Found Girl— review and commentary

For me, the works of Pauline Baird Jones are hit and miss. My favorite of her stories is the first one I read (The Key, also known as Project Enterprise, Book 1). I’ve read several other of her novels, and her style is generally a blend of snappy dialogue, kick-butt heroines, romantic suspense, and sufficient action to keep the reader entertained.

My most recent read is billed as Book 6 in the Project Enterprise series. The main character is Arian Teraz, a young woman whose place in the universe is destined to be an arranged marriage a tilling some farmland on a rather primitive planet. Right before she must marry, a mysterious ship lands in front of her and invites her to take a chance on another life. As the ship leaves her home planet, they are attacked, and somehow she steers the ship through a wormhole. On the other side of that is a pilot named Cooper. This is where fans of Project Enterprise novels will see how this story fits into the series.

Found Girl contains the snappy dialogue, action, and Jones’ trademark blend of science fiction and fantasy elements. I read the Amazon Kindle version, which is $4.99 at this writing.

Humor

The history of writing funny stuff stretches back into the earliest times. Humor comes in certain time honored forms: slapstick, exaggeration (a/k/a hyperbole), sarcasm, irony, and puns. Most any humorous work relies on one or more of these techniques. Until recent times, that is. Now, vulgarity seems to have overtaken all of these.

Hubby and I have been watching an HBO show called Veep (via Amazon Prime video) and, while there are a couple of decent running gags, I have not been laughing much. After subjecting ourselves to four episodes, neither of us is sure if we want to continue. I’m not so easily offended, but this show doesn’t strike me as funny, and it is clearly supposed to be a comedy. The actors seem to be working very hard at maintaining a frantic pace, which may indeed be how things are in the White House, but there is no slapstick, little irony, few plays on words, and less sarcasm than one might expect in a political drama.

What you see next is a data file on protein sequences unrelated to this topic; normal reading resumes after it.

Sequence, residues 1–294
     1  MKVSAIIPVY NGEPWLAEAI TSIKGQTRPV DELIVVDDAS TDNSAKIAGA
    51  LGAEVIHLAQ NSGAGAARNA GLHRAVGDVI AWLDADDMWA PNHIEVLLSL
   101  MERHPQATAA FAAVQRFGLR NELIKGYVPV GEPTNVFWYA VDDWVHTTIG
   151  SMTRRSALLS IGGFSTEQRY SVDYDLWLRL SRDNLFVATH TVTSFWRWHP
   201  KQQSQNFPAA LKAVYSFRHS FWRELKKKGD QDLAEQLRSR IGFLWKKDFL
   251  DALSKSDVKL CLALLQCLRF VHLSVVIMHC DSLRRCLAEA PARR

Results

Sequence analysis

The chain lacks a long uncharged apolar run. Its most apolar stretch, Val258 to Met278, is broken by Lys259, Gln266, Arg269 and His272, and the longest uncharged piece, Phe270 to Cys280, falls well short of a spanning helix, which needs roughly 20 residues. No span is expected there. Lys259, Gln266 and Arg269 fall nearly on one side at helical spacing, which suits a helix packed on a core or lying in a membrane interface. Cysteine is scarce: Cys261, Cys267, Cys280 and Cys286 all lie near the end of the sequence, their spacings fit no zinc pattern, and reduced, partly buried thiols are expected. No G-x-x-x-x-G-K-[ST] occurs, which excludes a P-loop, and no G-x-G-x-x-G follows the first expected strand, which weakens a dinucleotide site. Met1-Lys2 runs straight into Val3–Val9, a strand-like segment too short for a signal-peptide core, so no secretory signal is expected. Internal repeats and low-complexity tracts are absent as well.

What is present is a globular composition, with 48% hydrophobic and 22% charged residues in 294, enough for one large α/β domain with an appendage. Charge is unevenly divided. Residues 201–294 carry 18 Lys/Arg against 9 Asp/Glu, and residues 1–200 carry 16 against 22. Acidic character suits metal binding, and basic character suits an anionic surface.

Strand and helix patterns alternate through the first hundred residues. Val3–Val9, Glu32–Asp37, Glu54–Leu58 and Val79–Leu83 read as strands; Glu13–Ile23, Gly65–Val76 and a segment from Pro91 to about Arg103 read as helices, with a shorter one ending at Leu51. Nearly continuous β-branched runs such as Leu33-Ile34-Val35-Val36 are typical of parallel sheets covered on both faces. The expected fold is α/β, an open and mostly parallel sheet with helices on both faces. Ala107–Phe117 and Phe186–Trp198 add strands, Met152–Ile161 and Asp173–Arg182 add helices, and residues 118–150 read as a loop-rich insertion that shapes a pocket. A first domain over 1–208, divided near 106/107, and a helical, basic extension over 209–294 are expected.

Oh, I do like the bit with the staffer who has an imaginary dog. That’s funny and a bit ironic. Also amusing is the main character (Selina Meyer) hoping that the president will actually need her (thus far he hasn’t.) The character (Tony?) who doesn’t even bother whispering a brief description of everyone the VP meets and does not actually know is a bit of exaggeration and his remarks sometimes make me smile. And, the pace seems so fast that perhaps the intent is hyperbole, but it is more intense than humorous.

So, what’s left? Lots and lots of cussing, and at least fifty percent of it is a verb/expletive that might be labeled as “for unusual carnal knowledge.” Not funny. It just isn’t. I guess the writers are lazy or haven’t ever seen anything funny.

It’s sad really. A re-run of I Love Lucy can still make me laugh, but Veep doesn’t.